The announcements from the states, which are home to more than two dozen franchises across the NFL, NBA, NHL and Major League Baseball, do not provide any certainty as to when or how leagues and teams will resume operations, which have been shuttered during the novel coronavirus pandemic.
The leagues have been making tentative plans to return. MLB is discussing a return-to-play proposal with its players’ union and has an eye on a possible resumption of training next month and a season beginning in early July, perhaps with teams playing in their home cities and stadiums but being grouped geographically for scheduling purposes to limit travel. The NBA has been exploring completing its season, perhaps by playing at a single site in Orlando or Las Vegas, and the NHL has also been mulling scenarios to resume play.
The NFL has the luxury of time, with its season not scheduled to begin until September. The league released a schedule for a full 2020 season and has said it hopes to play a complete and on-time season, with teams in their home cities and stadiums, but will adjust if needed. The NFL has been contemplating contingency plans that include a delayed or shortened season, games in empty or partially filled stadiums, and games being relocated or rescheduled, according to people familiar with its planning.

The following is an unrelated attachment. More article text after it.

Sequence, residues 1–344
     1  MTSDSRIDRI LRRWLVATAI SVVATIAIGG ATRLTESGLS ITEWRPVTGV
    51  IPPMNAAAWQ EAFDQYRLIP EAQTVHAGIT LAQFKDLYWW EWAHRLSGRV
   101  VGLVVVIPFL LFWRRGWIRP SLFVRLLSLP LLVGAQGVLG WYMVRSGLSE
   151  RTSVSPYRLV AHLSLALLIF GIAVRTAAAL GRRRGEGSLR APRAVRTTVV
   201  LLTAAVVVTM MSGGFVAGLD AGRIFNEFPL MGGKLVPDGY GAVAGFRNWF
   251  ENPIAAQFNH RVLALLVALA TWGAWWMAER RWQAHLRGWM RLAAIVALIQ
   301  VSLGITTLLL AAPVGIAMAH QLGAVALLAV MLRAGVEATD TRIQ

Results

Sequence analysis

All sports have been dealing with issues such as access to testing, procedures for sanitizing facilities and protocols to be followed if a player, coach or team staffer tests positive. Leagues and owners also must work through economic considerations with unions and players, based on a sharp decline in revenue. Some players have expressed reservations about returning to play, citing health concerns.
President Trump has said repeatedly that he wants to see sports return and would be in regular contact with sports leaders. The leagues’ commissioners also have been in regular consultation with governors and local officials as they attempt to figure out how to deal with restrictions and public health directives that vary from state to state and, in some cases, from county to county.
The situation in California has seemed potentially problematic for the leagues, especially after last week’s news that Los Angeles County might extend its safer-at-home order for three months even while easing some restrictions. But Gov. Gavin Newsom (D) announced Monday that he can foresee pro sports returning early next month, albeit with restrictions.
“Sporting events, pro sports in that first week or so of June without spectators and modifications and very prescriptive conditions also could begin to move forward,” Newsom said at a news conference. “And a number of other sectors of our economy will open up, again, if we hold these trend lines in the next number of weeks.”
In Texas, Gov. Greg Abbott (R) announced that professional sports can resume May 31 without spectators.
The pronouncements by Cuomo, Newsom and Abbott don’t resolve all of the leagues’ return-to-play issues but nevertheless bolster hopes that sports can return on a more widespread basis in the coming weeks and months.
The leagues still must plan for potentially shifting conditions, with health experts having warned of a possible second wave of the virus in the fall and cautioning about the prospect of restrictions needing to be tightened if states reopen businesses too soon. But sports such as golf, NASCAR and the UFC have begun to stage events, and now MLB, the NBA, the NHL and the NFL could eventually follow.